In his State of the Union speech, US President Barack Obama had some advice for an astronaut who is about to spend a year in space.

Obama said: "Last month, we launched a new spacecraft as part of a re-energised space programme that will send American astronauts to Mars. In two months, to prepare us for those missions, Scott Kelly will begin a year-long stay in space. Good luck, captain - and make sure to Instagram it."

Kelly will have plenty of time to try out all of the Instagram filters – he begins his stay on the Space Station in March 2015, returning to Earth in Spring 2016.

His stay will be the longest anyone has ever spent in space. It will help Nasa study how a lengthy space voyage such as a trip to Mars would affect the human body. His identical twin brother Mark, a retired astronaut, will remain on Earth to receive medical tests before, during and after his brother's mission.

Over the last year, the crew of the International Space Station have been Instagramming spectacular views of Earth. IBTimes UK presents some of the most striking images. Follow ISS on Instagram for more.

The International Space Station... our first Instagram photo.

A photo posted by International Space Station (@iss) on

"I will never tire of this view." #Reid This picture of Earth illustrates the sense of oneness of the world and equality we all aspire to. Fifty years ago today, on July 2, 1964, one of the last remaining legal barriers to equal opportunity in America was toppled when President Lyndon Johnson signed into law the most sweeping civil rights legislation since the post-Civil War Reconstruction Era. The Civil Rights Act of 1964 outlawed discrimination in such areas as voting, public restaurants, employment and education on the bases of such characteristics as race, color, religion, national origin and gender. It was a pivotal moment in the nation’s on-going struggle to right the wrongs of the past, and it ushered in an era of diversity and inclusion that in the last half-century has literally transformed the face of America, and the face of NASA. Join us as we strive to “build a more perfect Union”, both in the USA and throughout the world. NASA PAO Photo credit: NASA/Wiseman 931_3588 #nasa #nasajsc #spacestation #internationalspacestation #explore #exploration #spacegram #exp40 #earth #civilrights #equality

A photo posted by International Space Station (@iss) on

“One of my favorite pastimes ‐ taking pictures of Earth.” #Swanny On the International Space Station, the astronauts have a wonderful panoramic Earth viewing area called the Cupola. Inside this dome‐shaped module contains a large selection of camera equipment to capture images. Several DSLR CMOS cameras, over 20 different lenses from 8 mm to 800 mm, numerous UV/IR filters, an infrared camera, and several video camcorders. The prosumer‐grade equipment has slight firmware and lubricant modifications. The cameras are subject to permanent sensor pixel loss due to cosmic particle radiation (primarily gamma rays). After about a year, the images they produce look like they are covered with electronic snow, and the cameras are routinely replaced. Recent astronaut photography is available on several social media accounts including: Facebook/ISS, Twitter/Astro_Reid, and Twitter/ISS_Research. NASA PAO Photo credit: NASA 265B5064 #nasa #nasajsc #spacestation #internationalspacestation #iss #explore #exploration #spacegram #Exp40 #camera #photography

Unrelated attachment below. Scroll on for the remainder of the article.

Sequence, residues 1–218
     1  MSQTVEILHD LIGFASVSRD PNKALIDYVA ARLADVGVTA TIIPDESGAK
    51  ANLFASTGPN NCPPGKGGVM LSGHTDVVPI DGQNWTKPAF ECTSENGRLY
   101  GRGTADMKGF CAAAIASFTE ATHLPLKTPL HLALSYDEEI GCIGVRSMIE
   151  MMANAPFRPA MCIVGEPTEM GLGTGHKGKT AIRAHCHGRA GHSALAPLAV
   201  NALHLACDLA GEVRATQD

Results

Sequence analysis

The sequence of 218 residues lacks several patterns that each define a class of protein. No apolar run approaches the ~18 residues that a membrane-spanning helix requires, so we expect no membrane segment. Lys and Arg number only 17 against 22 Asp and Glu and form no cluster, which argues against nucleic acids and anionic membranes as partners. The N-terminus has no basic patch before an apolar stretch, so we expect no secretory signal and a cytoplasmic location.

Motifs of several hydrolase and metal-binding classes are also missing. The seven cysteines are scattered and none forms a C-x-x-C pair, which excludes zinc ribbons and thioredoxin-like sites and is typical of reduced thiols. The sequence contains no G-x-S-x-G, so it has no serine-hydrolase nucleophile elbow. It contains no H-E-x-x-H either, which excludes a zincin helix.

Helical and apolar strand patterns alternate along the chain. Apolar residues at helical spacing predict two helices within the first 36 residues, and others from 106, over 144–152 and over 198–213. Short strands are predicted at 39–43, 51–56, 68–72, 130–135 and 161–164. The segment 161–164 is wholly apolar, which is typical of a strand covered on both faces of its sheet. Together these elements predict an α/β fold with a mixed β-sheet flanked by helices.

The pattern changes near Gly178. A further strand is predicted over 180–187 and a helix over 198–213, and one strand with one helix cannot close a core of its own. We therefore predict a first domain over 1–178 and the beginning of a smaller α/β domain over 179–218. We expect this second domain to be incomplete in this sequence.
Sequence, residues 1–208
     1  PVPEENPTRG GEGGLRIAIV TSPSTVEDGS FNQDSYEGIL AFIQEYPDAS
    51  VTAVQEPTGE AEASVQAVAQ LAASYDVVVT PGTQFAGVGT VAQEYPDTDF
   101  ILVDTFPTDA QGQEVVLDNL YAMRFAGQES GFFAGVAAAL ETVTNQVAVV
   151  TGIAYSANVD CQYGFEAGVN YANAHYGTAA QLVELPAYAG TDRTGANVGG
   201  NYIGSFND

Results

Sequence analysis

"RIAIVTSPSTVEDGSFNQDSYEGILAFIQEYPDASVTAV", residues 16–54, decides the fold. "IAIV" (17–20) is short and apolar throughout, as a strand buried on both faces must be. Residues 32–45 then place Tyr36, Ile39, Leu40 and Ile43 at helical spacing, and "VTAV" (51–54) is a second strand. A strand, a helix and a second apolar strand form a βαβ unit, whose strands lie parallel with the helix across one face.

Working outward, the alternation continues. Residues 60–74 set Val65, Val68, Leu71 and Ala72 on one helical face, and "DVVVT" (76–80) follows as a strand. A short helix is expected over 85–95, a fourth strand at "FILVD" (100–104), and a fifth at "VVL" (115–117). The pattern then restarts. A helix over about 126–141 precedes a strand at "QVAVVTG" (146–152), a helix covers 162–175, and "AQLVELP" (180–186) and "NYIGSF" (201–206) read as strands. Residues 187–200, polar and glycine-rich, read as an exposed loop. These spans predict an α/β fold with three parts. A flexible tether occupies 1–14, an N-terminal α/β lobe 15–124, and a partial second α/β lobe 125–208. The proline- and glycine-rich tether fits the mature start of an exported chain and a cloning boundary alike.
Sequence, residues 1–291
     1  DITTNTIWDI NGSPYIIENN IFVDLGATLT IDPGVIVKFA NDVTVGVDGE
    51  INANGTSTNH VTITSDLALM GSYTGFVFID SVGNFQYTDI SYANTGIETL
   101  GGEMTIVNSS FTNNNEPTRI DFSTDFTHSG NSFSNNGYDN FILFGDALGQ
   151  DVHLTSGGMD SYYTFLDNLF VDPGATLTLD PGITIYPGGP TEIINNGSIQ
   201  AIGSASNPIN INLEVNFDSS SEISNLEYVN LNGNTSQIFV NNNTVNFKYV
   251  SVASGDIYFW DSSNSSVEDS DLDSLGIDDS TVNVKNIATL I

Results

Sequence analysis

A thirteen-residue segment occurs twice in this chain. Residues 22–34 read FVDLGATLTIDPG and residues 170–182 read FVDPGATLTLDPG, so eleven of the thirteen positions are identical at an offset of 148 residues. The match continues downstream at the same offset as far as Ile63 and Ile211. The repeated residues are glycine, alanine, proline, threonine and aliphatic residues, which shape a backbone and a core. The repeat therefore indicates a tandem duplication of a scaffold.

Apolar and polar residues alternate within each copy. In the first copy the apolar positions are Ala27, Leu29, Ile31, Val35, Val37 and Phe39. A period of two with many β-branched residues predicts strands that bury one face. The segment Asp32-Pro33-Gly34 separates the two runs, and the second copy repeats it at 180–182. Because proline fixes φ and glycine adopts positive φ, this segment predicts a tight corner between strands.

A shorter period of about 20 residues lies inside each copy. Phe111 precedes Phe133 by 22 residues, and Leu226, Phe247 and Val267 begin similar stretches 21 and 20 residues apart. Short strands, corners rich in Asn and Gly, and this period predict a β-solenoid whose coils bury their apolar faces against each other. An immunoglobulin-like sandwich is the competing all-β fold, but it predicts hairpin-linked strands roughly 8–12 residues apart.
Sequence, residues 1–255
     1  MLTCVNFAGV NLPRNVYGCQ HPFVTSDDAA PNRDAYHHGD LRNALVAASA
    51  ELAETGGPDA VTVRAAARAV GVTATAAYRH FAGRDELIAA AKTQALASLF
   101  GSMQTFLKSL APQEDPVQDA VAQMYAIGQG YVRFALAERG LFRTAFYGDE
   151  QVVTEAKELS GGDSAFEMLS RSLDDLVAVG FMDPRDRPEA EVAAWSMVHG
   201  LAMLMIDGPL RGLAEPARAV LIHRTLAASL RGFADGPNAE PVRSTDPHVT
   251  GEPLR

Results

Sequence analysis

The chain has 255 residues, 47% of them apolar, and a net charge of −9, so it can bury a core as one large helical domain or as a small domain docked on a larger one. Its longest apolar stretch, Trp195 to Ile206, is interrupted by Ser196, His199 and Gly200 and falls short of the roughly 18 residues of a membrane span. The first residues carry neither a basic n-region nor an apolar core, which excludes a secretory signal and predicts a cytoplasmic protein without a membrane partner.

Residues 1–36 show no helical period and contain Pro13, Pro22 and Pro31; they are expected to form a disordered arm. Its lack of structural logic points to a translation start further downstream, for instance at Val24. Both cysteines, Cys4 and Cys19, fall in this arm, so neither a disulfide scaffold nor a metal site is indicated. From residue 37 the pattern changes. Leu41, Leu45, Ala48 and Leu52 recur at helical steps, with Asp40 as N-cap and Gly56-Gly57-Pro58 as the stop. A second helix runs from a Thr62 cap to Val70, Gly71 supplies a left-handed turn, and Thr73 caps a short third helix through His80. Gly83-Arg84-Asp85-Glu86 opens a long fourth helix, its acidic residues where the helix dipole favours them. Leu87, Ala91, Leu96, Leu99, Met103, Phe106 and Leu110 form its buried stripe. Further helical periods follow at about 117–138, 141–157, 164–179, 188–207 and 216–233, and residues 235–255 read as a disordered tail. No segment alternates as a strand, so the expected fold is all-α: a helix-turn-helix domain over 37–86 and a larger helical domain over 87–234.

A photo posted by International Space Station (@iss) on

ISS032-E-025258 (5 Sept. 2012) --- Japan Aerospace Exploration Agency astronaut Aki Hoshide, Expedition 32 flight engineer, uses a digital still camera to expose a photo of his helmet visor during the mission’s third session of extravehicular activity (EVA). During the six-hour, 28-minute spacewalk, Hoshide and NASA astronaut Sunita Williams (visible in the reflections of Hoshide’s helmet visor), flight engineer, completed the installation of a Main Bus Switching Unit (MBSU) that was hampered last week by a possible misalignment and damaged threads where a bolt must be placed. They also installed a camera on the International Space Station’s robotic arm, #Canadarm2. The bright sun is visible at left. #NASA #JAXA #EVA #SpaceStation #InternationalSpaceStation #spacewalk #selfie #spaceselfie #Exp32 #ISS #ISScrew #outofthisworld

A photo posted by International Space Station (@iss) on

“Hi from the cupola!” #AstroButch

A photo posted by International Space Station (@iss) on